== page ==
Royal Academy of Arts

Since 1769, the Royal Academy has been putting on the Summer Exhibitions, which are one of the major tourist attractions in London.

Check their website for the exhibition schedule.

Admission: £7 adults, children 12-18 £2.50, children 8-11 £1.50

Open: 10am to 6pm, until 10pm on Fridays. Last admission to the galleries is thirty minutes before closing.

Underground: Piccadilly

Burlington House, Picadilly
London WIJ OBD
Phone: 020 7300-8000

The Royal Pavilion Brighton


The Royal Pavilion in Brighton was built by King George IV, and was constructed over a period of 35 years. The Indian style palace is filled with lavish furnishings typical of these dusty old royal palaces… fun to visit if touristing in Brighton however. There is a fee to enter.


October to March 10.00am-5.15pm (last tickets at 4.30pm)

April to September 9.30am-5.45pm (last tickets at 5.00pm)

Closed 25 & 26 December

Buckingham Palace

The tourists crowd to see the changing of the guard at Buckingham Palace.

One of the biggest attractions in London is Buckingham Palace, Queen Elizabeth II’s home when she’s in town. Tourists flock here to see the changing of the guard, to visit the palace (summer tours help pay for the maintenance), and to see special exhibitions.

The palace is open to the public in August and September. The Queen’s Gallery which displays many of the Royal Treasures including paintings by Rembrandt, Rubens, Vermeer, Poussin, Canaletto and Claude; sculpture by Canova and Chantrey; French porcelain, and some of the finest English and French furniture in the world is now open.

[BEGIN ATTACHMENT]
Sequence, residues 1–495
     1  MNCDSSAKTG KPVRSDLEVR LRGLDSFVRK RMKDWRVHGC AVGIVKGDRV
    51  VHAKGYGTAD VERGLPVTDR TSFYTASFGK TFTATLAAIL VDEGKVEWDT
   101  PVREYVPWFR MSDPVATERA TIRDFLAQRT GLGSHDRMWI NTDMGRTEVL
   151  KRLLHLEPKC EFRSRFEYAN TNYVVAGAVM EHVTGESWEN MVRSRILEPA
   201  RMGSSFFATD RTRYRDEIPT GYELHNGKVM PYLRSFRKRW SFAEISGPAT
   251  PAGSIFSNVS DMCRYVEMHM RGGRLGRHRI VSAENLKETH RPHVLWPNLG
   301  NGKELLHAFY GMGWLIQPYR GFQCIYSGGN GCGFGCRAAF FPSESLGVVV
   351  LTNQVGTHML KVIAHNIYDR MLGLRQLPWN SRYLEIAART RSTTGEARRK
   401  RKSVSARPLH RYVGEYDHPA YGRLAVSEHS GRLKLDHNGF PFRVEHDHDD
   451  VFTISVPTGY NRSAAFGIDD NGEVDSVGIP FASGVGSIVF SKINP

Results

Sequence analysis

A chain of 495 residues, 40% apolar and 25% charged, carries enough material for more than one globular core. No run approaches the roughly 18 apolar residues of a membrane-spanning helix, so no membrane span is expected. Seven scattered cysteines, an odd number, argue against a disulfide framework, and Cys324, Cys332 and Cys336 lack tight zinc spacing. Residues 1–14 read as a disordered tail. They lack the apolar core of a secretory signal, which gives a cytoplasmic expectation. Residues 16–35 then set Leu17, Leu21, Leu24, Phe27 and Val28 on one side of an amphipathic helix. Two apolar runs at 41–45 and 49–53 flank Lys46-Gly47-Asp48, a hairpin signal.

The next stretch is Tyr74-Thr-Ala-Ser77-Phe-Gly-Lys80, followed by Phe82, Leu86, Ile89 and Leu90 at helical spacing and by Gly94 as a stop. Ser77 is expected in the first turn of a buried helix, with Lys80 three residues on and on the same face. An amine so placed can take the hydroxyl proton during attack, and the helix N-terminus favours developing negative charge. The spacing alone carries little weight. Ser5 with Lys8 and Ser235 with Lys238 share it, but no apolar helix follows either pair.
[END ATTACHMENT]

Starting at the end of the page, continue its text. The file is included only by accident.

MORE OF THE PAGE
Open 5 August – 29 September
A timed-ticket system is operated, with admission every 15 minutes.
Adult £11.50, Over 60 £9.50, Under 17 £6.00, Under 5 Free, Family £29.00



Buckingham Palace
Phone: (+44) (0) 20 7321 2233

The Courhouse Hotel, London

When I was planning for a trip to London and comparing hotels online I came across The Courthouse Hotel in Soho.  As I am a big history buff it got my attention as an ideal place to stay while exploring the city.

Everything is well done at this hotel.  The owners wisely incoperated the buildings previous life as a courthouse into a five star establishment.

One can now drink in the plush bar built in the space of the former holding cells, sleep in the former judges chambers, and relax and workout in the stylish spa and workout center.

Mick Jagger and John Lennon once slept here by necesity, today it feels like staying at a private club for lawyers in the middle of London´s hot Soho!